Following the successful foray of the Olympic torch relay into the fictitious London Borough of Walford, Home Secretary Theresa May has announced that responsibility for Olympic security is to be transferred from G4S to characters from BBC1 soap EastEnders.
'It's been my suspicion for a long time that a lot of what G4S were telling us about how organised they were was basically made up rubbish,' said Mrs May. 'And when I saw Billy Mitchell carrying the Olympic torch on TV the other night, I thought 'Well, being made up and rubbish clearly isn't an obstacle to playing a successful part in the Olympics for them', and I was on the phone to the BBC straight away.'
The move is expected to be popular with TV viewers and terrorists in particular. EastEnders fans have already hailed the news as 'likely to generate some significantly improved storylines', although early script drafts in which Kat Moon abducts Tanya Branning's closing ceremony tickets after her own go missing in the post have been criticised as 'not very interesting' by charities.
Olympic spectators have already seen some improvements on the previous security regime, said Locog. 'Up to yesterday they were all moaning about having to queue for four hours to get in, and not being allowed to take any water with them,' said Locog chair Lord Coe. 'Now, of course, we've just let Phil Mitchell loose in the crowd to yell 'Shut it you tart' and 'Leave it, 'e ain't worth it' at anybody who kicks up a fuss. Much better. Although we've also seen a rise in pub fights, adulterous relationships, murder and domestic violence, but I'm sure that's completely unrelated.'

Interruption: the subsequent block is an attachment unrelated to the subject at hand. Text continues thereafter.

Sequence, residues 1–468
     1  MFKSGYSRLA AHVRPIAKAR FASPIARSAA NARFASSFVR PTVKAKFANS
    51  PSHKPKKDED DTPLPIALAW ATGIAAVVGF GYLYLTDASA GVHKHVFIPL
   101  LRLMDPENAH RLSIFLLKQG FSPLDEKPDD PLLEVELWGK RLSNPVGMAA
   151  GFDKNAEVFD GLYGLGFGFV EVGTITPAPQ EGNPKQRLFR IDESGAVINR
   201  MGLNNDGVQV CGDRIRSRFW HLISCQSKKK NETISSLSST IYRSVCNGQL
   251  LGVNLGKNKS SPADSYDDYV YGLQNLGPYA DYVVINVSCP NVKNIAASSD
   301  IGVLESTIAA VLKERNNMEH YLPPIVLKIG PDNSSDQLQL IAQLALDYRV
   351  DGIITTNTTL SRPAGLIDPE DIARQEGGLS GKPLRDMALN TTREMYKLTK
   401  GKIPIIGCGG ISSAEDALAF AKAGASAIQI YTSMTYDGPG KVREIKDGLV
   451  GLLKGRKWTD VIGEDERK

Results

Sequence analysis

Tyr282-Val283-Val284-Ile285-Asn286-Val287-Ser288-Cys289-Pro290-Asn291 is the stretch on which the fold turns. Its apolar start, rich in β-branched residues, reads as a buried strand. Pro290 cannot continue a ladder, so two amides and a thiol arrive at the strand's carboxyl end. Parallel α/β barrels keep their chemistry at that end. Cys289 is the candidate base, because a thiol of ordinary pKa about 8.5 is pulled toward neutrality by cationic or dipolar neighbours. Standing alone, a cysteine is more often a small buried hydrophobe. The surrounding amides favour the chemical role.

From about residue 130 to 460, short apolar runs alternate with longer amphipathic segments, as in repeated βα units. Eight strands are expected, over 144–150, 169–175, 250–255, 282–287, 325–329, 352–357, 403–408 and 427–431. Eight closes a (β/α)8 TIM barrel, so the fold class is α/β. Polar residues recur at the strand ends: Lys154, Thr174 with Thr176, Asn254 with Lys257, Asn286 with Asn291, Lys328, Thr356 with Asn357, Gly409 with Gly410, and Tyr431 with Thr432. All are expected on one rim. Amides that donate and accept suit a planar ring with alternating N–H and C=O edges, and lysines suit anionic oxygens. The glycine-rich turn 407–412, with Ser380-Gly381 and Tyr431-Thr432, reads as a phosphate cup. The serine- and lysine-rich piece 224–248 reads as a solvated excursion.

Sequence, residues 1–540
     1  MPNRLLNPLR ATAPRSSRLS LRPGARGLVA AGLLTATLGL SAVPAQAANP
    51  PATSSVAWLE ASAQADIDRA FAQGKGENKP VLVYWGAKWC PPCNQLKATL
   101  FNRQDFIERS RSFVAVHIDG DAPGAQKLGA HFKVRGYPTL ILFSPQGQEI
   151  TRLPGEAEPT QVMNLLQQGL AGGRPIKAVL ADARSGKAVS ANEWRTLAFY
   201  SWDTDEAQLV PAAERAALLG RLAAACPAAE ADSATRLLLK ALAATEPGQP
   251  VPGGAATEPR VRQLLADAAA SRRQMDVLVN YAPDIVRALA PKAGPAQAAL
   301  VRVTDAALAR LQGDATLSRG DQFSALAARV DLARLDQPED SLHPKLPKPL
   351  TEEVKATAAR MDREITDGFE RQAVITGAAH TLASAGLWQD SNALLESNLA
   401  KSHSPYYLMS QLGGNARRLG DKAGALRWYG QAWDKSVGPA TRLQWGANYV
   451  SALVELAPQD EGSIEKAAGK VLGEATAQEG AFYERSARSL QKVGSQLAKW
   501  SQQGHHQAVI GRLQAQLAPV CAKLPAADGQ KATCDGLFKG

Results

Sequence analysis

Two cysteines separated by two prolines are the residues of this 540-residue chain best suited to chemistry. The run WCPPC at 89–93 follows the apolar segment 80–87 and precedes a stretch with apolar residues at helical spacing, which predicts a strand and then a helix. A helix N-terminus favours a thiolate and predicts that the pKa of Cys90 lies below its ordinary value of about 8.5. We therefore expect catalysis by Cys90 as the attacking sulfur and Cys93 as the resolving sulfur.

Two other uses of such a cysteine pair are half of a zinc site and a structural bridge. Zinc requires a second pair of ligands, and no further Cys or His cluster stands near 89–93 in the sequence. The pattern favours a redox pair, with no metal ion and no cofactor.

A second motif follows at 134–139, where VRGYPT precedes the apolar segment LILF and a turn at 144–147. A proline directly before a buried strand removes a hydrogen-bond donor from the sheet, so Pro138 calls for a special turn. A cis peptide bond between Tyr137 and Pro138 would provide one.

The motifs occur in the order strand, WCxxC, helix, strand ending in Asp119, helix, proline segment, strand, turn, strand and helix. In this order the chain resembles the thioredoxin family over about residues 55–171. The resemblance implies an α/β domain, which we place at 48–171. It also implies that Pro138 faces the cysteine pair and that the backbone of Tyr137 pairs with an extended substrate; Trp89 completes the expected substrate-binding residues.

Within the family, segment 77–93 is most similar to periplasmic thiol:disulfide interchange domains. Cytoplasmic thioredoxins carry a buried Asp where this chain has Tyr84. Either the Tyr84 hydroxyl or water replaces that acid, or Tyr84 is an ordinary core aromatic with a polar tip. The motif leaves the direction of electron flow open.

Theresa May also announced additional funding to get Barbara Windsor back to scream 'Get out of my Olympic Lane' at people trying to drive around London during the Games. 'If the approach is successful, and we have no reason to think it won't be, then it's quite likely we'll hand over other areas of government policy to fictional people,' she said. 'The Prime Minister has already consulted Peppa Pig over macroeconomic policy, and of course we're all dying to know what Nick Clegg thinks about the recession - oh don't be silly, of course he's fictional. Isn't he?'